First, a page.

Back in the 1970s, Los Angeles and San Francisco were at the top of the economic game for cities in America. At the time, the Bay Area was ranked first in income while Los Angeles was fourth.
But since then, Los Angeles has fallen to 25th, while San Francisco has surged, maintaining its top spot.
So what explains the difference? UCLA professor of urban planning Michael Storper and colleagues set about to examine the reasons in the new book The Rise and Fall of Urban Economies: Lessons from San Francisco and Los Angeles.
The book reads like a whodunit, but the bottom line explanation is that business leaders in the Bay Area continued to foster a connectedness and culture of innovation, while Los Angeles business leaders remained siloed and traditional (Storper’s slide show PDF here). Think Steve Jobs radicals mingling with financiers and traditional business leaders in the Bay Area.
The authors credit business organizations like the Bay Area Council for serving as collaborative, idea-sharing hubs for regional business leaders. But I also wonder if the region’s transportation links and business districts played a role. BART and the general centrality of the business districts in the Bay Area, from San Francisco’s financial district to Silicon Valley to downtown Oakland, allow professionals in the Bay Area to more easily congregate and mingle than in the more horizontally dense landscape of Los Angeles.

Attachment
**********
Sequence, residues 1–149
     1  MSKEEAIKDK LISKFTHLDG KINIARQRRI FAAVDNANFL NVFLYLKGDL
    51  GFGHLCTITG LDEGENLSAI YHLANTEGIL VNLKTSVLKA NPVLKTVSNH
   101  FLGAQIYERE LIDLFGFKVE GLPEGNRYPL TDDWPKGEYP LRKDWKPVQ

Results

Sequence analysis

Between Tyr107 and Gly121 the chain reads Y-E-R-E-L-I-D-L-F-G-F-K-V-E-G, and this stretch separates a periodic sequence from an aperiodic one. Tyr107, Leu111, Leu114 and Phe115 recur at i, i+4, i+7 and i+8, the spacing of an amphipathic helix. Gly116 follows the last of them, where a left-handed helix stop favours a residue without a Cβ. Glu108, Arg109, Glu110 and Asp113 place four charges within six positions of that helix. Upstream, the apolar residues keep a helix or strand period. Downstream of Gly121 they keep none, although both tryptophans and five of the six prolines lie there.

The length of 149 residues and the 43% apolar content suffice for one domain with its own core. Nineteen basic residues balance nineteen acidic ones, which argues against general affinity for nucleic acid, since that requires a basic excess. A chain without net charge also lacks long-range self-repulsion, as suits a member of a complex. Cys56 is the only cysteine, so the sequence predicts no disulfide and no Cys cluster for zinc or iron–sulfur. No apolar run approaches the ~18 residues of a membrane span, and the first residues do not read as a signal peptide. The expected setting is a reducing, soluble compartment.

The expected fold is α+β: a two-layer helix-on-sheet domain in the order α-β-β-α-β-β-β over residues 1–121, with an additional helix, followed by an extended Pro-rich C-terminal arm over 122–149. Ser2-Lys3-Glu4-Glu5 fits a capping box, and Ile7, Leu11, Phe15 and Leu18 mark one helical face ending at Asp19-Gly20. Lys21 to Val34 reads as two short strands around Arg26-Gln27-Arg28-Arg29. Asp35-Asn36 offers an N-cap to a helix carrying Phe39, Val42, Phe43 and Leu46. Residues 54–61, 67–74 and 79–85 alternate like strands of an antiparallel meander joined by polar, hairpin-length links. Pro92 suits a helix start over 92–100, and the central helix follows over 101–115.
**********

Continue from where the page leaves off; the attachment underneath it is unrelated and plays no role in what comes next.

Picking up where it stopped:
It’s perhaps another intangible benefit that could be achieved by Los Angeles expanding the Metro Rail network and building more offices near major transit stops.
You can see a snippet from Storper’s recent presentation at the Bay Area Council here: